Id. at 25–26 (internal citations to the parties' pleadings omitted).

The proposed rule was issued by HHS for publication on February 28, 2003, and subsequently published on March 5, 2003. See A.R. at 4395 (68 Fed.Reg. at 10429).

In view of the foregoing, the Court found that Plaintiffs had “made a sufficient showing that ‘unusual circumstances' warrant supplementation of the administrative record—namely, that ‘the agency deliberately or negligently excluded documents that may have been adverse to its decision.’ ” Id. at 26 (citing City of Dania Beach v. FAA, 628 F.3d 581, 590 (D.C.Cir.2010)). On July 30, 2013, the Court denied the Secretary's motion for reconsideration of the decision to require inclusion of the Interim Final Rule in the administrative record. See Order (July 30, 2013), ECF No. [96]. The Secretary filed the administrative record in this action on July 31, 2013.

After the Court resolved issues relating to the completeness of the administrative record, this case moved to the scheduling of summary judgment briefing. Subsequently, however, the Secretary sought leave to file an additional motion to dismiss for lack of subject matter jurisdiction. See Def.'s Mot. for Leave to File Mot. to Dismiss for Lack of Subject Matter Jurisdiction, ECF No. [99]. The Court granted the Secretary's request, but ordered that the Secretary file this motion “simultaneously with, and in the alternative to, Defendant's crossmotion for summary judgment.” Order (Aug. 13, 2013), ECF No. [102] at 1. The Court set a deadline of October 25, 2013 for the parties' initial summary judgment briefs and directed the parties to file a joint status report by October 4, 2013 “(a) outlining in bullet-point format the arguments the parties intend to raise in support of or in opposition to summary judgment; and (b) indicating the extent to which there is a need to expand the page limits placed on memoranda of points and authorities by the Local Rules of this Court.” Id. at 4. In this subsequently filed Joint Status Report , Plaintiffs indicated, for the first time, their intention to file a Motion for Leave to Further Amend and Supplement the First Amended Complaint in light of the addition of the Interim Final Rule to the administrative record. See Joint Status Report and Mot. to Reset Briefing Schedule, ECF No. [107]. In light of this request, the Court delayed the scheduled summary judgment briefing pending resolution of Plaintiffs' motion to amend. See Minute Order (Oct. 22, 2013). Plaintiffs subsequently filed their Motion for Leave to Further Amend and Supplement First Amended Complaint. Defendant filed an Opposition, and Plaintiffs filed a Reply. Accordingly, the motion is now ripe for review.

In light of the lapse of appropriations for the Department of Justice from October 1, 2013 through October 16, 2013, the deadline for this joint status report was subsequently extended to October 21, 2013. See Minute Order (Oct. 18, 2013).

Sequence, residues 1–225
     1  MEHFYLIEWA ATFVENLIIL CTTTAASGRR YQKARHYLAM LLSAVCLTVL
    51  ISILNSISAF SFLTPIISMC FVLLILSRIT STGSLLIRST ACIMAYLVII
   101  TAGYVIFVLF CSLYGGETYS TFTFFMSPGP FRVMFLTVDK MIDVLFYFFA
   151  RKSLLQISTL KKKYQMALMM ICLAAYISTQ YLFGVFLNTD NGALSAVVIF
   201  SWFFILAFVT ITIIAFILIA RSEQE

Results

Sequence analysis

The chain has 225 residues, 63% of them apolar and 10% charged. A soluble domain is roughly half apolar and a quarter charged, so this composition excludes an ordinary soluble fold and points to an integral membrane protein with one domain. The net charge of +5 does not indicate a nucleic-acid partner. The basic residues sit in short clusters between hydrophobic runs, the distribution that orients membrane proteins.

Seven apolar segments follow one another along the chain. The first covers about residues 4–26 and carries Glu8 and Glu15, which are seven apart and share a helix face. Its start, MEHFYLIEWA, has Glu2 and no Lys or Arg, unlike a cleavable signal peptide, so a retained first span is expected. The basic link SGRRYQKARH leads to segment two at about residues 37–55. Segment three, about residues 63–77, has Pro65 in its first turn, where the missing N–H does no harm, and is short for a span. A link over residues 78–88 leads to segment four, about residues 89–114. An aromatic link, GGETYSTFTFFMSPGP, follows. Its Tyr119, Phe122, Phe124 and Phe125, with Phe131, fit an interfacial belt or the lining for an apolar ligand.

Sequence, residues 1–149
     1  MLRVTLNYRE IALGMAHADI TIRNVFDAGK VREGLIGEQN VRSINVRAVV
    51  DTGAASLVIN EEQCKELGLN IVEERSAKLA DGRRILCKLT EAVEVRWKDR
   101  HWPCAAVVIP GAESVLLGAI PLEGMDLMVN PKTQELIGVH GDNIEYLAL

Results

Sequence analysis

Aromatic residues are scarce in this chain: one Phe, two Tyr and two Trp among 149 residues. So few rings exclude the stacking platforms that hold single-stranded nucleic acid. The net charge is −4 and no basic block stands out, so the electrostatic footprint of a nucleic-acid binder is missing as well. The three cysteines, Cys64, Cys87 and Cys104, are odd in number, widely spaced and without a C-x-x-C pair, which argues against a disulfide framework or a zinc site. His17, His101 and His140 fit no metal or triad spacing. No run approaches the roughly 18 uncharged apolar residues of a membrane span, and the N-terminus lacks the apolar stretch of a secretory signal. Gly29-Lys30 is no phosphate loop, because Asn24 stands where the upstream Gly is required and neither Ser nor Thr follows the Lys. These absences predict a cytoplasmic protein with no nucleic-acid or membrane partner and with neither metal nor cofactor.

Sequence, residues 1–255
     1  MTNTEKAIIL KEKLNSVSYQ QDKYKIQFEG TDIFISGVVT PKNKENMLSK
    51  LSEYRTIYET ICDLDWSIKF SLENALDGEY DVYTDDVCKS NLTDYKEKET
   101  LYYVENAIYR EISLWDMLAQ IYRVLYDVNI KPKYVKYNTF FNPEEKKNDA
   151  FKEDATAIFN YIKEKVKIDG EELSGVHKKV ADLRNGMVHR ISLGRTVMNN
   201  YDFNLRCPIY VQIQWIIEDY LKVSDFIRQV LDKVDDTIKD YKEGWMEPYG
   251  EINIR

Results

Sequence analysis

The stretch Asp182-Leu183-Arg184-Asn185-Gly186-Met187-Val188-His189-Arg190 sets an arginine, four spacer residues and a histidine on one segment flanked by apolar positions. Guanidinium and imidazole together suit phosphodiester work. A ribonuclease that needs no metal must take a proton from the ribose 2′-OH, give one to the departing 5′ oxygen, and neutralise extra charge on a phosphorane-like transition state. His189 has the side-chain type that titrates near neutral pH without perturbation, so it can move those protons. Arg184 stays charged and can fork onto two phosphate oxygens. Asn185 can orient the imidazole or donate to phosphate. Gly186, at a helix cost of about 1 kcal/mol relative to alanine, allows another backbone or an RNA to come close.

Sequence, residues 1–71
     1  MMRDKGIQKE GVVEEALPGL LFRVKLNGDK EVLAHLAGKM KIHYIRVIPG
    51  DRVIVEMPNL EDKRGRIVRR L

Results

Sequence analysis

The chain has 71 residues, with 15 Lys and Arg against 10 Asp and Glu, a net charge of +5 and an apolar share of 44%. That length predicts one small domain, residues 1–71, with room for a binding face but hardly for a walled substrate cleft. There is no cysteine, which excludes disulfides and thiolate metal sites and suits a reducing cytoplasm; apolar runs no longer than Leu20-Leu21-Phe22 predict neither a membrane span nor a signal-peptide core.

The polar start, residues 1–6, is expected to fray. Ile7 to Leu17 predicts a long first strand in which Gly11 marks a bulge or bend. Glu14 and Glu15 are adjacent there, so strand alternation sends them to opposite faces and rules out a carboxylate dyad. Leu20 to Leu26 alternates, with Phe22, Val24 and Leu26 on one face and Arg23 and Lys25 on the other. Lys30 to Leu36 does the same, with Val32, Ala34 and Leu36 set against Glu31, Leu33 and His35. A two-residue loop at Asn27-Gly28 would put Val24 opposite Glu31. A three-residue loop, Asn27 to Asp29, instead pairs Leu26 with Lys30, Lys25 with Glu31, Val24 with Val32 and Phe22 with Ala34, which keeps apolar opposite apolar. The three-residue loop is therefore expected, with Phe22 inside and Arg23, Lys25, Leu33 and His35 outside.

II. LEGAL STANDARD

Under the Federal Rules of Civil Procedure, a party may amend its pleadings once as a matter of course within a prescribed time period. SeeFed.R.Civ.P. 15(a)(1). Where, as here, a party seeks to amend its pleadings outside that time period, it may do so only with the opposing party's written consent or the district court's leave. SeeFed.R.Civ.P. 15(a)(2). The decision whether to grant leave to amend a complaint is entrusted to the sound discretion of the district court, but leave “should be freely given unless there is a good reason, such as futility, to the contrary.” Willoughby v. Potomac Elec. Power Co., 100 F.3d 999, 1003 (D.C.Cir.1996), cert. denied, 520 U.S. 1197, 117 S.Ct. 1553, 137 L.Ed.2d 701 (1997). As the Supreme Court has observed:

If the underlying facts or circumstances relied upon by a plaintiff may be a proper subject of relief, he ought to be afforded an opportunity to test his claim on the merits. In the absence of any apparent or declared reason—such as undue delay, bad faith or dilatory motive on the part of the movant, repeated failure to cure deficiencies by amendments previously allowed, undue prejudice to the opposing party by virtue of allowance of the amendment, futility of amendment, etc.—the leave sought should, as the rules require, be “freely given.”

Foman v. Davis, 371 U.S. 178, 182, 83 S.Ct. 227, 9 L.Ed.2d 222 (1962). “[A] district court has discretion to deny a motion to amend on grounds of futility where the proposed pleading would not survive a motion to dismiss.” Nat'l Wrestling Coaches Ass'n v. Dep't of Educ., 366 F.3d 930, 945 (D.C.Cir.2004), cert. denied, 545 U.S. 1104, 125 S.Ct. 2537, 162 L.Ed.2d 274 (2005). Review for futility is practically “identical to review of a Rule 12(b)(6) dismissal based on the allegations in the amended complaint.” In re Interbank Funding Corp. Secs. Litig., 629 F.3d 213, 215–16 (D.C.Cir.2010) (quotation marks omitted). Because leave to amend should be liberally granted, the party opposing amendment bears the burden of coming forward with a colorable basis for denying leave to amend. Abdullah v. Washington, 530 F.Supp.2d 112, 115 (D.D.C.2008).

Plaintiffs argue that the Court should also apply Rule 15(d), under which “the court may, on just terms, permit a party to serve a supplemental pleading setting out any transaction, occurrence, or event that happened after the date of the pleading to be supplemented.” Fed.R.Civ.P. 15(d). Plaintiffs argue Rule 15(d) is applicable here because they are seeking to add allegations concerning when they became aware of the Interim Final Rule, an event that occurred in February 2012, after the filing of the First Amended Complaint. Pls.' Mem. at 2–3. Defendant, by contrast, argues Plaintiffs' motion only implicates Rule 15(a) and that Rule 15(d) does not apply here “because the proposed amendments pertain to events before the filing of the action.” Def.'s Opp'n at 3 n.1. The Court need not resolve this dispute because, as both parties concede, “[c]ourts resolve Rule 15(d) motions under the same standard as they resolve motions to amend under Rule 15(a).” Teres h chuk v. Bureau of Prisons, 851 F.Supp.2d 157, 162 n. 6 (D.D.C.2012). See also Wildearth Guardians v. Kempthorne, 592 F.Supp.2d 18, 23 (D.D.C.2008). Accordingly, whether considered under Rule 15(a) or Rule 15(d), the same standard governs Plaintiffs' requests.